GOP Senators Using ‘Opposition Research’ To Fend Off Tea Party Challengers
WASHINGTON (AP) — Republican senators are attacking GOP challengers earlier and more aggressively than in past elections, including using opposition research to try to knock out upstart rivals before they become serious threats.
These senators are eager to avoid the fate of colleagues who fell victim to tea party-backed rivals they had shrugged off.
In Kentucky, the tea party-backed challenger to Sen. Mitch McConnell is trying to explain old investor letters that recently surfaced, undermining his criticisms of government bailouts of banks.
In Kansas, the physician trying to oust three-term Sen. Pat Roberts is apologizing for posting graphic images of gunshot victims on his Facebook page some years ago.
Both stories have the markings of ‘‘opposition research,’’ the term for time-consuming digging into documents that well-funded campaigns often carry out. Campaigns sometimes offer the material as tips to news outlets, or seek to publicize it themselves.
Traditionally, Republicans and Democrats have aimed such efforts mainly at each other, in general elections held in November. The rise of tea party challengers, however, is prompting some Republican incumbents — or their friends in the GOP establishment — to direct early opposition research against intra-party challengers.
This comes after veteran Republican senators in Utah, Indiana and elsewhere were too slow and flat-footed in responding to primary challengers.
Tea party champion Mike Lee kept Utah’s Senate seat in Republican hands after knocking off three-term Sen. Bob Bennett in 2010. Indiana Republicans, however, lost a Senate seat when Richard Mourdock ousted 36-year Sen. Richard Lugar in the 2012 primary, only to lose the general election after saying pregnancies resulting from rape were something ‘‘God intended to happen.’’
Mainstream Republican groups that once took a hands-off view of primaries are now active in undermining challengers they view as weaker potential candidates against Democrats.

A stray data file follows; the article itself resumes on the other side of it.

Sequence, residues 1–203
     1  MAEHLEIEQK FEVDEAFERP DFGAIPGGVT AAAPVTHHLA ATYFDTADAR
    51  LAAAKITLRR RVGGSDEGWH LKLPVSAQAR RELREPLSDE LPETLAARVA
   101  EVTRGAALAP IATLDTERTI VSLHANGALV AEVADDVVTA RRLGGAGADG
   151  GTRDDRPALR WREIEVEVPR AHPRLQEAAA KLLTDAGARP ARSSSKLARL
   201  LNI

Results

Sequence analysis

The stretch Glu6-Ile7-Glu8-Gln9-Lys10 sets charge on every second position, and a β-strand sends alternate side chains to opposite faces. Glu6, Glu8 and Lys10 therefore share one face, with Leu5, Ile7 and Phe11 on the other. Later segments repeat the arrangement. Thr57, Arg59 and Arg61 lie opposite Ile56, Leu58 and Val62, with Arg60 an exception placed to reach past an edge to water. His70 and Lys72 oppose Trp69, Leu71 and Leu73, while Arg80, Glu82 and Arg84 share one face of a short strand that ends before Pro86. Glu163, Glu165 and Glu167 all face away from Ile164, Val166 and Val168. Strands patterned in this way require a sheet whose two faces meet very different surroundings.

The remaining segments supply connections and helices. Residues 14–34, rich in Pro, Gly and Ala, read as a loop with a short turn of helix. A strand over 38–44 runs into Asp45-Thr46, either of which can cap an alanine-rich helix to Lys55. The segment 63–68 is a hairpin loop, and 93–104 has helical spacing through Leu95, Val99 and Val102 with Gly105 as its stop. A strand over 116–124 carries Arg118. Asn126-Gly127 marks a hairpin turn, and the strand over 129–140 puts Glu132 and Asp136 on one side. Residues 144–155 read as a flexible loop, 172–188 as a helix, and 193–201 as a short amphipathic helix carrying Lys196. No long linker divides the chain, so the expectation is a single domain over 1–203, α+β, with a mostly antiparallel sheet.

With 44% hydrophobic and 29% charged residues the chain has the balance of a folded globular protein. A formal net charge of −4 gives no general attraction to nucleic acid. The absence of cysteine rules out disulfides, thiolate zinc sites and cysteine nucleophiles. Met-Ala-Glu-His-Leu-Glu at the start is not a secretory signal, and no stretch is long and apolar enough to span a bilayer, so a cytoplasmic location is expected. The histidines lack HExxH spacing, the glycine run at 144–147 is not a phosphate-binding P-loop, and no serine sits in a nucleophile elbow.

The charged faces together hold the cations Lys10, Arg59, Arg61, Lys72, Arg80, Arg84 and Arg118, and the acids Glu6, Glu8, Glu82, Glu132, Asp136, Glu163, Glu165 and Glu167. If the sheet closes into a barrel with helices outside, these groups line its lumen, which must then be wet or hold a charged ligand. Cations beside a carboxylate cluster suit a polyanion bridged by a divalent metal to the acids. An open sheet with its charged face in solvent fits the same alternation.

‘‘We’re not anti-conservative,’’ said Rob Collins, executive director of the National Republican Senatorial Committee. ‘‘We’re just anti-people-who-can’t-win.’’
Collins said his group dug up bankruptcy records that helped knock out a potential tea party challenger to West Virginia Rep. Shelley Moore Capito, seen as the strongest Republican contender for the Senate seat being vacated by Democrat Jay Rockefeller.
Tea party champion Matt Bevin has criticized McConnell for backing a 2008 government bailout of collapsing banks. This month, letters praising the bailout — and bearing Bevin’s signature from his days heading an investment firm — surfaced. Bevin said the signatures were a formality that did not reflect his views of the government action.
Kansas radiologist Milton Wolf this weekend said it was inappropriate of him to have posted gruesome X-ray photos of gunshot victims, along with macabre commentary, on Facebook some years ago. The Topeka Capital-Journal reported that the X-rays came from various hospitals.
Wolf apologized and said he had removed the images years ago. He accused Roberts of trying to smear him in the Republican Senate primary. Roberts’ campaign said the news report ‘‘speaks for itself.’’
Collins, whose group supports Roberts, defended the tough tactics against Wolf. ‘‘Do they have some fantasy that Democrats wouldn’t use that?’’ Collins said of the Facebook images.
Republican strategist Brian Nick said senators have learned from watching the fate of colleagues such as Lugar. The lesson, he said, is ‘‘don’t allow one of these candidates to get traction, because then they can cause major headaches.’’
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